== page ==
To be an original work of authorship, the work must not be a mere computation based on a concept or formula, or be the mere extrapolation or application of an idea or system, which would always produce substantially the same result whenever done correctly by anyone. For example, the computation of interest based upon a particular rate wouldn’t be copyrightable. Neither would the transposition of music from one key to another (it’s a mechanical act, not a creative one).
Works in the public domain include those whose once valid US copyright has expired and works otherwise dedicated to the public either voluntarily or by operation of law. Also considered part of the public domain are edicts of government, which are uncopyrightable for reasons of public policy (see above).
Once a work is in the public domain, it remains in the public domain and can’t be protected by copyright. Even when it’s republished. If a publisher has added new material, such as an introduction or notes, or illustrations, the publisher would have a copyrightable derivative work ... but the copyright would protect the new material only. The original work stays in the public domain, and free for all to use.
That’s how it’s supposed to work, anyway. Sadly, though, there are many publishers out there who slap all-encompassing copyright notices on works that include reprints of public domain works. This is flagrant copyright misuse, and it should be stopped. So when you see it, publicize it! Blog about it or something.
Note: Regarding public domain dedications ... be careful where an author sends mixed messages! For example, statements like “this work is public domain but you may not ....” If a work is public domain, there are no restrictions on it, period. So if you come across a mixed message, ask for clarification. Never assume. (You know what they say about assuming.)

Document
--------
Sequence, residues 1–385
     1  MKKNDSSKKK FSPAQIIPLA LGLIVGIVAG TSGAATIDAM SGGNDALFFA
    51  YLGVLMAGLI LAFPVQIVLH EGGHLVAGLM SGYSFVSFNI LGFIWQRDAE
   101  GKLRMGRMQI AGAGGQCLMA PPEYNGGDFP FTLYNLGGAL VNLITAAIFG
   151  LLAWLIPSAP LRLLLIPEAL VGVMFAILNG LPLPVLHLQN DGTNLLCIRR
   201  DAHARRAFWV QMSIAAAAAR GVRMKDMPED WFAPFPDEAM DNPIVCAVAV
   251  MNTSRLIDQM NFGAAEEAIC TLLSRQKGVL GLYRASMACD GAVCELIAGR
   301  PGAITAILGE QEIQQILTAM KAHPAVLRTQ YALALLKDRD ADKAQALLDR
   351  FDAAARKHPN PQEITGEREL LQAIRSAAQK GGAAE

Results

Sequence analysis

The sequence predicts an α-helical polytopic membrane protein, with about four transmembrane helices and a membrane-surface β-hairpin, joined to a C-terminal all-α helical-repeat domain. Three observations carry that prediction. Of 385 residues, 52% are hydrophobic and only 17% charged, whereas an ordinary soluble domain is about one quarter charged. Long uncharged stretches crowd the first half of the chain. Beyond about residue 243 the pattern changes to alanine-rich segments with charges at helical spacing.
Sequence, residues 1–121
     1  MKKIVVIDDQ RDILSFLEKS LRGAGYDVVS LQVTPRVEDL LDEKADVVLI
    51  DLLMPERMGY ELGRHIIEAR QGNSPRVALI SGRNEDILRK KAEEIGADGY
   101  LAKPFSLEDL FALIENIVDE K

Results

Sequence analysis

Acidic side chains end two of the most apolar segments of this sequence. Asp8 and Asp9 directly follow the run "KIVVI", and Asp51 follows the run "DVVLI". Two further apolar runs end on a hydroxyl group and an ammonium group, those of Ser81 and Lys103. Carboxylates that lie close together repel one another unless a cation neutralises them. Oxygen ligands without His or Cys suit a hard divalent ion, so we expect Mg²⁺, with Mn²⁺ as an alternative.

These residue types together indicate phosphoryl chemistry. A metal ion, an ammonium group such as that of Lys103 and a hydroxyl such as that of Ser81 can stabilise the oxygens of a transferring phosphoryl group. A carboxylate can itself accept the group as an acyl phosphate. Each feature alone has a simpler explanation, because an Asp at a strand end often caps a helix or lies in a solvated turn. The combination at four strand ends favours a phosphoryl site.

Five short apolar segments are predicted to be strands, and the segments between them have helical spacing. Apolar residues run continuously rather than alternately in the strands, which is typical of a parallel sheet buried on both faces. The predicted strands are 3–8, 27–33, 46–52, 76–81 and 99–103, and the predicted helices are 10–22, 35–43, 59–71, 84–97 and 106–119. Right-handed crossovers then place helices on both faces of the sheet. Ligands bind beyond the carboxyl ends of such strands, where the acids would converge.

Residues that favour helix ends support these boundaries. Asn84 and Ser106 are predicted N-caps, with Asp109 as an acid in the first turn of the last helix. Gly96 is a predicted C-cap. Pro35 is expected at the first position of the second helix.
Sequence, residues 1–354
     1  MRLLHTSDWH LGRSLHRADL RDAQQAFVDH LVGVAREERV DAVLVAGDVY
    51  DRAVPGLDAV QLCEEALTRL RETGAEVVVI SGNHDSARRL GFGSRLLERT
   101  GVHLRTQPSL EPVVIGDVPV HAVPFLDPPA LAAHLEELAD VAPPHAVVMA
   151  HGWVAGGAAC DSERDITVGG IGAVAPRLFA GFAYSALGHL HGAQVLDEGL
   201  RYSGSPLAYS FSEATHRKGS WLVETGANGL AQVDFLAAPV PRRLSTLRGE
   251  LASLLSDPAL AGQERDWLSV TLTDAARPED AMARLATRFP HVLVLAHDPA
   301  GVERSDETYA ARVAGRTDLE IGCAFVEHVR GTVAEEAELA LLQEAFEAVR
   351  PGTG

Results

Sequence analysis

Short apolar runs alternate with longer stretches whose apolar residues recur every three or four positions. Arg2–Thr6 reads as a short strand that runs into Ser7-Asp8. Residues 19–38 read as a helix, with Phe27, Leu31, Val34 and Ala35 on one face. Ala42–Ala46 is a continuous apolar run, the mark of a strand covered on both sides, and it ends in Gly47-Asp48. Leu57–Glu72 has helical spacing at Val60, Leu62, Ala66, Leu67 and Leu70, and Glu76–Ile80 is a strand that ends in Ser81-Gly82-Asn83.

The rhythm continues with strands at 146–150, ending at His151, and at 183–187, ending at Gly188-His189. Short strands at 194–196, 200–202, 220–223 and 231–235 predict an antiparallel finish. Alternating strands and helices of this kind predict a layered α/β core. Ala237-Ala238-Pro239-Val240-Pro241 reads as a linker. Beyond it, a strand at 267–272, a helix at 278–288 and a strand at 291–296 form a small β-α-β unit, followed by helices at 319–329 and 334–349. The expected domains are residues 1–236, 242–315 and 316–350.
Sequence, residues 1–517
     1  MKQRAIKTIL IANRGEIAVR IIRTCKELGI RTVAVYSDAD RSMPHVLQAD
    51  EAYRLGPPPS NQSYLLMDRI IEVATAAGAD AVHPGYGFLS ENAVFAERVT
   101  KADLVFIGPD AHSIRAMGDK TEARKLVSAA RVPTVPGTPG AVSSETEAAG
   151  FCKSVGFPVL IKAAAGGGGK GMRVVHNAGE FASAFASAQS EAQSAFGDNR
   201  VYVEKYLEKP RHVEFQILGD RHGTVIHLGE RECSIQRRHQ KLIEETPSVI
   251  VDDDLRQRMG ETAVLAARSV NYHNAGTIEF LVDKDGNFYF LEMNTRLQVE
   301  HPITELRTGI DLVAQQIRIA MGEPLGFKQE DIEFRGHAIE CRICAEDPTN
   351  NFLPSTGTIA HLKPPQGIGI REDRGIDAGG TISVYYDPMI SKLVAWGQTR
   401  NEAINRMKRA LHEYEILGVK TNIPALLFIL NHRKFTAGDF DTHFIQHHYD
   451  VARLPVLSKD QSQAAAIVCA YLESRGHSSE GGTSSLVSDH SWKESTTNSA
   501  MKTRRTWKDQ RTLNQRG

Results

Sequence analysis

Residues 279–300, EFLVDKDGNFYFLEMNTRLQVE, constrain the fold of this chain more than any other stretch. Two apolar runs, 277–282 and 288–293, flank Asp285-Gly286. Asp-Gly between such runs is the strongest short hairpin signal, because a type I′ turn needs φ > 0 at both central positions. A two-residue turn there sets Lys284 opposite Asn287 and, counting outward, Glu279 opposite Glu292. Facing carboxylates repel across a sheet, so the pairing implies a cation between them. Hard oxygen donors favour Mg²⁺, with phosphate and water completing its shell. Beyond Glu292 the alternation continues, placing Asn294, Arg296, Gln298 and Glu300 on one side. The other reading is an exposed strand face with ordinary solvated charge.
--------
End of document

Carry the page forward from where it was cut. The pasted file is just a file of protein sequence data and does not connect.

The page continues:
For more info on this go here. Also, be really, really skeptical when you see works touted as "copyright free." It’s very common that when someone uses the phrase "copyright free" (with regard to clipart or photos, for example), what they really mean is "royalty free." For more detail on this, see here.
To be entitled to copyright protection, a work must be the product of human authorship. The term “authorship” implies that, for a work to be copyrightable, it must owe its origin to a human being. Materials produced solely by nature, by plants, or by animals are not copyrightable. Works produced by mechanical processes or random selection, without any contribution by a human author, can’t be copyrighted. So, a linoleum floor covering featuring a mechanically produced multicolored pebble design in unrepeatable, random patterns, is not registrable. Similarly, a work owing its form to the forces of nature and lacking human authorship is not registrable; thus, for example, a piece of driftwood even if polished and mounted is not registrable.